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Hampton’s Greatest Sporting Moments: First XV win St. Joseph’s Festival

Over the next term, HSC will be attempting to discover the identity of Hampton’s Greatest Sporting Moment, with your help. This article details the First XV’s victory at the St. Joseph’s Festival in 2015, and will compete against three other moments in Group One. Vote in our Twitter poll on Friday to decide your favourite moments – the winner will progress to the quarter-final stage!

Hampton’s Greatest Sporting Moments Group One: First XV win St. Joseph’s Festival.

In the autumn of 2015, it appeared that something of a transformation was occurring within Hampton’s rugby teams. The departure of Mr Zoran Higgins, then Director of Rugby, that July had the potential of shaking the newly built foundations of the sport at the school.

Higgins had transformed Hampton’s rugby since arriving in 2005, implementing much of the high-level systems and infrastructure which have lent themselves so well to success in recent years.

Having reached at least the Last 16 stage of the prestigious Daily Mail Cup for six consecutive seasons – including two quarter-finals and a semi-final – Hampton had well and truly cemented their place as one of the country’s sporting schools under Higgins’ stewardship.

It would not, then, be unfair to suggest that incoming Director of Rugby, Mr Sean Thomson, might have a challenging job in replacing his predecessor in 2015. It was not to be the case.

In his first major tournament as Hampton DoR, Thomson – with the help of a raft of U18 academy stars – led the team to their first ever victory at the St. Joseph’s National Schools Festival, traditionally one of the most challenging weekends on the schoolboy calendar.

One can appreciate the scale of this achievement by reviewing the results from a year previously: with a team that eventually went on to reach the Daily Mail Cup quarter-final, Hampton finished bottom of their group on Day One, such was the quality of their opponents.

But a year later, under Thomson’s leadership and with the indefatigable presence of captain Roman Malin-Hiscock starring in the centres, Hampton launched a formidable campaign.

On Day One, despite a tricky group that included the hosts St. Joseph’s and Solihull School – who finished in the top 10 of the prestigious Natwest Trophy that season – Hampton were utterly rampant, winning all three group games. They scored 100 points and conceded 0 to set up a Cup group on Day Two.

Their reward was an even more challenging group on Day Two, seeing them drawn against perennial challengers Cranleigh and Brighton College (who had Marcus Smith starring in their ranks), as well as Scottish heavyweights Merchiston Castle.

Once more, they were no match for Hampton’s skilful backline, which contained stars in the centre in Malin-Hiscock and his fellow England U16 representative Zack Santos, as well as eventual England 7s man, Will Attfield at fullback.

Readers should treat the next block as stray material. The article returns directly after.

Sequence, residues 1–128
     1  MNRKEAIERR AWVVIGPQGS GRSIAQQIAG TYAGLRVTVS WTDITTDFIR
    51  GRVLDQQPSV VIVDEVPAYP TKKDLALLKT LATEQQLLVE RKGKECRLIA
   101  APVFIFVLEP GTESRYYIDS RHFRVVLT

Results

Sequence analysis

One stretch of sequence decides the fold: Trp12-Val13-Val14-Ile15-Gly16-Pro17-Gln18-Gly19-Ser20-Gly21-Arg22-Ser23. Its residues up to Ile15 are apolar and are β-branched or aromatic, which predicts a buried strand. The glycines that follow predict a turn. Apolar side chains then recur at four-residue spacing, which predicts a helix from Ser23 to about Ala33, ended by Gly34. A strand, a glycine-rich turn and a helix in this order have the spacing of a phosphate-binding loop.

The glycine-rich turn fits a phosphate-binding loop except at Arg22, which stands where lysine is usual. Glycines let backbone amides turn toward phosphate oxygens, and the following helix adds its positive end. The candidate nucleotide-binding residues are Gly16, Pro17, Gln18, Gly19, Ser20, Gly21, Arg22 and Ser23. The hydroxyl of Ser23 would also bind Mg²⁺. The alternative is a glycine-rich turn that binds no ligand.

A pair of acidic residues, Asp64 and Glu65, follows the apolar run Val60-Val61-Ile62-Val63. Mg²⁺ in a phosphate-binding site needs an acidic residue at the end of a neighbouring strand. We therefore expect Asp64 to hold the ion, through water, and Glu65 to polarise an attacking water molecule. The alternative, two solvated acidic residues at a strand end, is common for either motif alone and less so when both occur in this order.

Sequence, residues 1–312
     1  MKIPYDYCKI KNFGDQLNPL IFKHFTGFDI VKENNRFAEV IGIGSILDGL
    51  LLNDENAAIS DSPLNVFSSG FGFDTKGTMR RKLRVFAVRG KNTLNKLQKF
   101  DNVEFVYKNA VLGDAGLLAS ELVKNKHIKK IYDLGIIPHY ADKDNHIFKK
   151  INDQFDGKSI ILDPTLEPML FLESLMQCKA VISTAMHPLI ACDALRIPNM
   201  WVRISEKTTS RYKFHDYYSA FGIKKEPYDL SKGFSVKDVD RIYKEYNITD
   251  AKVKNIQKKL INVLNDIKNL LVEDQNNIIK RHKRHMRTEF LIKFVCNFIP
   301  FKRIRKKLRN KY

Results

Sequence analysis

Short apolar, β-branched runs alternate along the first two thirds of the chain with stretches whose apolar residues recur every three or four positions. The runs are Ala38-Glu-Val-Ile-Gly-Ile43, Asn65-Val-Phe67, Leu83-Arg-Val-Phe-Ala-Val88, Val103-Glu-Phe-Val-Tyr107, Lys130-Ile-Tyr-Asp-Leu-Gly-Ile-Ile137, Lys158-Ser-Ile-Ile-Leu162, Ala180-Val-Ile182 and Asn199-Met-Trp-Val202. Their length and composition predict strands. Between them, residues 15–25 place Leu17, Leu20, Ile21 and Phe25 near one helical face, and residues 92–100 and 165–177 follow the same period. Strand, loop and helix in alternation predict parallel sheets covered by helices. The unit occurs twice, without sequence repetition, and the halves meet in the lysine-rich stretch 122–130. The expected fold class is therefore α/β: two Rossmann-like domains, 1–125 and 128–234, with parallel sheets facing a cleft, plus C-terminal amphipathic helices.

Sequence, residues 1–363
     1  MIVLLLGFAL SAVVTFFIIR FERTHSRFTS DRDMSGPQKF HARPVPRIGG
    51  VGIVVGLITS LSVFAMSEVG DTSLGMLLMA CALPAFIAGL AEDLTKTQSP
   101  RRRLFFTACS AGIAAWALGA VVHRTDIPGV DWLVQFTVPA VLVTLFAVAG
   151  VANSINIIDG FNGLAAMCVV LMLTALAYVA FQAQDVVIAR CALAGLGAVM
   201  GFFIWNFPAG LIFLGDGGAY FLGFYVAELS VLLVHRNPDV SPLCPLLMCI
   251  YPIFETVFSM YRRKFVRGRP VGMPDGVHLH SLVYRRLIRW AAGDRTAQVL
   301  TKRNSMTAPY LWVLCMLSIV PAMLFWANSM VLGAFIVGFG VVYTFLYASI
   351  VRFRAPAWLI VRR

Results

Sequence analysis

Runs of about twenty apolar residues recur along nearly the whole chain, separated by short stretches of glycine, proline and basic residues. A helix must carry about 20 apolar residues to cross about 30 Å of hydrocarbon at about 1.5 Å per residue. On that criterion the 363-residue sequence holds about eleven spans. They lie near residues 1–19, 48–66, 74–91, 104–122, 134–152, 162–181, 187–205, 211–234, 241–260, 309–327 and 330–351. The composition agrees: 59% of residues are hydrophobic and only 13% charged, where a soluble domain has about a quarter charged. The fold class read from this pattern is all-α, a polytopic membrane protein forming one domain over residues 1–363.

Hampton once again starred, continuing their defensive prowess to stop all three teams from crossing the whitewash, winning their games at a canter to qualify for the Cup Final later that afternoon.

Their opponents would be RGS High Wycombe, who had secured their place in the final with an impressive win over Dulwich College.

Hampton started the match in similar fashion to the rest of the tournament, taking an early lead through Matthew Wheeler’s try, which was followed by a penalty from the boot of star fly-half Ben Seddon.

RGS were plucky opponents, though, and despite becoming the first team to be able to breach Hampton’s otherwise impenetrable defence, were unable to overturn the eventual 8-5 scoreline.

Hampton’s stunning tournament victory was built upon their defensive prowess: conceding only one try in seven games is a feat that few school teams will ever match at the Festival. Captain Roman Malin-Hiscock was bestowed the Player of the Tournament trophy, an award previously won the likes of Zach Mercer, Marcus Smith, Lewis Ludlam and Jonathan Joseph. Esteemed company indeed.

Malin-Hiscock and Will Attfield would win the Premiership U18 Academy League with London Irish later that season, but the 1st XV would not be so lucky: they were knocked out of the Natwest Cup at the quarter-final stage in heart-breaking fashion, losing 10-11 at Warwick School.

However it ended, the 1st XV of 2015/16 will be remembered as a record-breaking team for their exploits at the St. Joseph’s College Festival.

Josh Bartholomew, Hampton Sports Chronicle Editor

This moment will be judged in Group One, alongside Max Kretzchsmar’s EFL debut, the First XI’s National T20 final in 2005, and the First VIII’s Triple in 1988.

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